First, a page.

Kent Roach is a professor of law and the Prichard-Wilson Chair of Law and Public Policy at the University of Toronto Faculty of Law. He is a graduate of the University of Toronto and of Yale University, and a former law clerk to Justice Bertha Wilson of the Supreme Court of Canada. Professor Roach has been editor-in-chief of the Criminal Law Quarterly since 1998. In 2002, he was elected a Fellow of the Royal Society of Canada and in 2013 he was one of four academics awarded a Pierre Elliott Trudeau Fellowship. He is the author of twelve books, including Constitutional Remedies in Canada (winner of the Walter Owen Prize); Due Process and Victims’ Rights (shortlisted for the Donner Prize); The Supreme Court on Trial (shortlisted for the Donner Prize); Brian Dickson: A Judge’s Journey (winner of the Dafoe Prize; co-authored with Robert J. Sharpe); and The 9/11 Effect: Comparative Counter-Terrorism (winner of the David Mundell Medal). He is the co-editor of several collections of essays and published casebooks, including most recently Comparative Counter-Terrorism Law, which arose from his role as General Reporter on Counter-Terrorism Law for the XIX International Congress on Comparative Law held in 2014. With Justice Robert Sharpe, he is the co-author of The Charter of Rights and Freedoms volume in Irwin Law’s Essentials of Canadian Law series. False Security: The Radicalization of Canada’s Terror Law, co-authored with Craig Forcese, was published by Irwin Law in 2015. He has also written over 200 articles and chapters published in Australia, China, Hong Kong, India, Israel, Italy, Kenya, Singapore, South Africa, Sweden, the United Kingdom, and the United States, as well as in Canada. Professor Roach has served as research director for the Inquiry into Pediatric Forensic Pathology in Ontario (the Goudge Inquiry) and for the Commission of Inquiry into the Investigation of the Bombing of Air India Flight 182. In both capacities, he edited multiple volumes of research studies. He served on the research advisory committee for the inquiry into the rendition of Maher Arar and the Ipperwash Inquiry into the killing of Dudley George. He was a special advisor to the Truth and Reconciliation Commission on Residential Schools. Professor Roach has represented Aboriginal and civil liberties groups in many interventions before the courts, including Gladue, Wells, Ipeelee, and Anderson on sentencing Aboriginal offenders; Latimer on mandatory minimum sentences; Stillman, Dunedin Construction, Downtown East Side Sex Workers, and Ward on Charter remedies; Golden on strip searches; Khawaja on the definition of terrorism; and Corbiere and Sauvé on voting rights. He is the faculty lead for the Asper Centre for Constitutional Rights.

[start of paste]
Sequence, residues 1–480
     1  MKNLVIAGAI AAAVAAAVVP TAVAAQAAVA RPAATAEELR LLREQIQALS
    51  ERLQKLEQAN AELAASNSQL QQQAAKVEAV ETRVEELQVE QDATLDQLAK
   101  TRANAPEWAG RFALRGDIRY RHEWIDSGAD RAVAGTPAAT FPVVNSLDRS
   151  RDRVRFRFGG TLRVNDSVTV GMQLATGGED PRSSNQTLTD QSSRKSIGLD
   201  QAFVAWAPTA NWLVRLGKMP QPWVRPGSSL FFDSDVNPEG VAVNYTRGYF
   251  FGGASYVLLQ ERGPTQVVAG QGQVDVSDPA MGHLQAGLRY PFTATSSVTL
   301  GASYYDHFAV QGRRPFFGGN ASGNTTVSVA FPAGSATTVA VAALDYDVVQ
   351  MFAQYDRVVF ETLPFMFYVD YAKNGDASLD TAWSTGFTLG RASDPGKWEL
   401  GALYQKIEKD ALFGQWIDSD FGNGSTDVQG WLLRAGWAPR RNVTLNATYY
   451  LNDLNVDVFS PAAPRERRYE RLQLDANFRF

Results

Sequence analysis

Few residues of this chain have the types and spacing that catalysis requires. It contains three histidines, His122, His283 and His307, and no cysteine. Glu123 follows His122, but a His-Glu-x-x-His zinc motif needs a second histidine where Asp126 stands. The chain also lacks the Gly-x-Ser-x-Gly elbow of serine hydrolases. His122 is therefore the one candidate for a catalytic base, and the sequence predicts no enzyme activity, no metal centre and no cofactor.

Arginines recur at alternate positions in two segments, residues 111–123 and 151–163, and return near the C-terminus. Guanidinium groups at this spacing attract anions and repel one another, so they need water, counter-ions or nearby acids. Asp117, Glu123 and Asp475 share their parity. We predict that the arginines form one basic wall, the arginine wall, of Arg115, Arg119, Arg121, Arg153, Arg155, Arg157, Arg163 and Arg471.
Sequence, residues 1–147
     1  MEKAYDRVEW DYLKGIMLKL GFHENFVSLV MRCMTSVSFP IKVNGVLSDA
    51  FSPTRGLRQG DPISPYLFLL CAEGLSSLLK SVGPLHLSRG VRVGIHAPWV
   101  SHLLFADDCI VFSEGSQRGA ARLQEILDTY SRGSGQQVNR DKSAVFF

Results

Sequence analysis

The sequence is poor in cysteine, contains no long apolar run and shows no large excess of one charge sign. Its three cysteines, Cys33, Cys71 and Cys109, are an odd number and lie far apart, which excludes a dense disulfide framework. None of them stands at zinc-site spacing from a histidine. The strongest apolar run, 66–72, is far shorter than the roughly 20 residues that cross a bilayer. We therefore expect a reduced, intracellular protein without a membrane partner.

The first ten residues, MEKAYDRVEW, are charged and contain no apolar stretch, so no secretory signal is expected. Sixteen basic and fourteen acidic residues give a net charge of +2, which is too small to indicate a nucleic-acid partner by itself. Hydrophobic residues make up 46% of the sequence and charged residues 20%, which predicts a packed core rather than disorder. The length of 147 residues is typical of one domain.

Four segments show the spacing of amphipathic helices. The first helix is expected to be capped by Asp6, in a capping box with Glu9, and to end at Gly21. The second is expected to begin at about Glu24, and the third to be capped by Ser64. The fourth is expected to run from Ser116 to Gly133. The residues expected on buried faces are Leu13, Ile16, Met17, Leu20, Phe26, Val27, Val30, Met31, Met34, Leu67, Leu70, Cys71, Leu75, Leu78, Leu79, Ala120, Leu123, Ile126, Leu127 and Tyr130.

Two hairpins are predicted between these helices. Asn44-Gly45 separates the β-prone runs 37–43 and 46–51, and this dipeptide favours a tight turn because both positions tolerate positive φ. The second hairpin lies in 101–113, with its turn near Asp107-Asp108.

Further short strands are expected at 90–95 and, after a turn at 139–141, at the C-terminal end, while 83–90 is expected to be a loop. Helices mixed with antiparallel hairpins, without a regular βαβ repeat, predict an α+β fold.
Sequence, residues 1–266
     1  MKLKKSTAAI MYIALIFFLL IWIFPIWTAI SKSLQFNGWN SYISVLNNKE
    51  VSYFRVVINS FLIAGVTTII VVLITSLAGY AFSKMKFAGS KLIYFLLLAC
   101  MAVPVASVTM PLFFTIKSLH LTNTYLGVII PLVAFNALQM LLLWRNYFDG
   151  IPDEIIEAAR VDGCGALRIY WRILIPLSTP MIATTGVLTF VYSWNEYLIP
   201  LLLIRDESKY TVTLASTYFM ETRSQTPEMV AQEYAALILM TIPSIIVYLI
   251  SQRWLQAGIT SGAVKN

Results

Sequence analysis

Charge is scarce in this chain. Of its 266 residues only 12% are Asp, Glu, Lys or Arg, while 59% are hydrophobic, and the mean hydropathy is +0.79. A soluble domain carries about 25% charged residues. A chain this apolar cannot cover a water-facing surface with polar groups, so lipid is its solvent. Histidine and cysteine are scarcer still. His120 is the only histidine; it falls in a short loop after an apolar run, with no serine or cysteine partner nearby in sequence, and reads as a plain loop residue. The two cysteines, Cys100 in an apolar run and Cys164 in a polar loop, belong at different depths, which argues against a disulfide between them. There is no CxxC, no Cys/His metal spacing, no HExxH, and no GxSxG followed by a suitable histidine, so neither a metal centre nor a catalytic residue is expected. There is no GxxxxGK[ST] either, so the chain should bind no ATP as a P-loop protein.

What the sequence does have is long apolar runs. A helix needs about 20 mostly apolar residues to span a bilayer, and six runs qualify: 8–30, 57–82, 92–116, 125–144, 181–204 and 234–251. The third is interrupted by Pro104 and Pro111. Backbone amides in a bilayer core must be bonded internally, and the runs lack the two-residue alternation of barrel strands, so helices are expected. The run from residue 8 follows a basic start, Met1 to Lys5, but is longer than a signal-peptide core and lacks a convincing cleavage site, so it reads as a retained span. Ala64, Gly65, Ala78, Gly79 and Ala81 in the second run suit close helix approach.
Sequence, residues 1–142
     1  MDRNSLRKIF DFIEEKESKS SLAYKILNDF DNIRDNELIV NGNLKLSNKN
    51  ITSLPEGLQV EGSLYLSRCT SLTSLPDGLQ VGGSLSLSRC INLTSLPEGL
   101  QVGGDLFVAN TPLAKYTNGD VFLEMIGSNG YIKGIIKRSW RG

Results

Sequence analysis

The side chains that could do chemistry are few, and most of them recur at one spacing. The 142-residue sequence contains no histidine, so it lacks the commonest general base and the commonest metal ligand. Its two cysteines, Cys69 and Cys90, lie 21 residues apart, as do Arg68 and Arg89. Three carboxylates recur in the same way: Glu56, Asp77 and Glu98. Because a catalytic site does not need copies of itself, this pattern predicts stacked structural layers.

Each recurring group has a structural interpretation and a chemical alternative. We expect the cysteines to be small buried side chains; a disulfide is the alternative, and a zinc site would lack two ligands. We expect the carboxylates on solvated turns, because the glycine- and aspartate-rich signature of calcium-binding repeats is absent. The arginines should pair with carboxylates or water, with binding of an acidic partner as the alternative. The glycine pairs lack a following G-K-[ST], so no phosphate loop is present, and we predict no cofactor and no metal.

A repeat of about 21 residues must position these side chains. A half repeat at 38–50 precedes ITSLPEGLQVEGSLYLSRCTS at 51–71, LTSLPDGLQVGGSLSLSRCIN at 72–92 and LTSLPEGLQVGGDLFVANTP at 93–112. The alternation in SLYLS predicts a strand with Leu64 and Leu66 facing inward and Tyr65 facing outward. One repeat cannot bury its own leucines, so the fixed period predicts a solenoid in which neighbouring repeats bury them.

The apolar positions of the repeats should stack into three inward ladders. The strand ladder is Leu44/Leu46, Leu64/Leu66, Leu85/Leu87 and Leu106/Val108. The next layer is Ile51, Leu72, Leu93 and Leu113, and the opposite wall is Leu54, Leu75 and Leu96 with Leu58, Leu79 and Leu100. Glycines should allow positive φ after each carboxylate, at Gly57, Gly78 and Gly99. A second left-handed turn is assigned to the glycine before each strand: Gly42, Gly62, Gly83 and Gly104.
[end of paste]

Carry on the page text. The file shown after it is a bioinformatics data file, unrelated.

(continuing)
Lorne Sossin, B.A., M.A., Ph.D., LL.B., LL.M., J.S.D. is a Professor at the Faculty of Law, University of Toronto, where he has been teaching since 2002. Prior to that, he was on the faculty of Osgoode Hall Law School. At the University of Toronto, he is a former Associate Dean (2004–2007) and is the inaugural Academic Director of the Centre for the Legal Profession. Professor Sossin’s areas of expertise include Civil Litigation, administrative law, the legal profession, and the legal process. He has written several books and numerous articles on these subjects, including Administrative Law in Context (co-edited with Colleen Flood) and Boundaries of Judicial Review: The Law of Justiciability in Canada. Professor Sossin is the recipient of several awards for teaching and scholarship, including the 2009 OCUFA Award for Excellence in Teaching.
Other titles by Colleen M.,. Flood
Other titles by Kent Roach
Canadian Justice, Indigenous Injustice
The Gerald Stanley and Colten Boushie Case
Criminal Law, 7/e
The Radicalization of Canadian Anti-Terrorism
Criminal Law, 6/e
Acting for Freedom
Fifty Years of Civil Liberties in Canada
The Charter of Rights and Freedoms, 5/e
Criminal Law 5/e
Forensic Investigations and Miscarriages of Justice
The Rhetoric Meets The Reality
The Charter of Rights and Freedoms
Criminal Law 4/e
Other titles by Lorne Sossin
Advancing Social Rights in Canada
Middle Income Access to Justice
Judicial Independence in Context
Parliamentary Democracy in Crisis
Dans l’intérêt public
Rapport et articles du groupe d’étude du Barreau du Haut-Canada sur la règle de droit et l’independance du barreau
In the Public Interest
The Report and Research Papers of the Law Society of Upper Canada's Task Force on the Rule of Law and the Independence of the Bar
Dilemmas of Solidarity
Rethinking Distribution in the Canadian Federation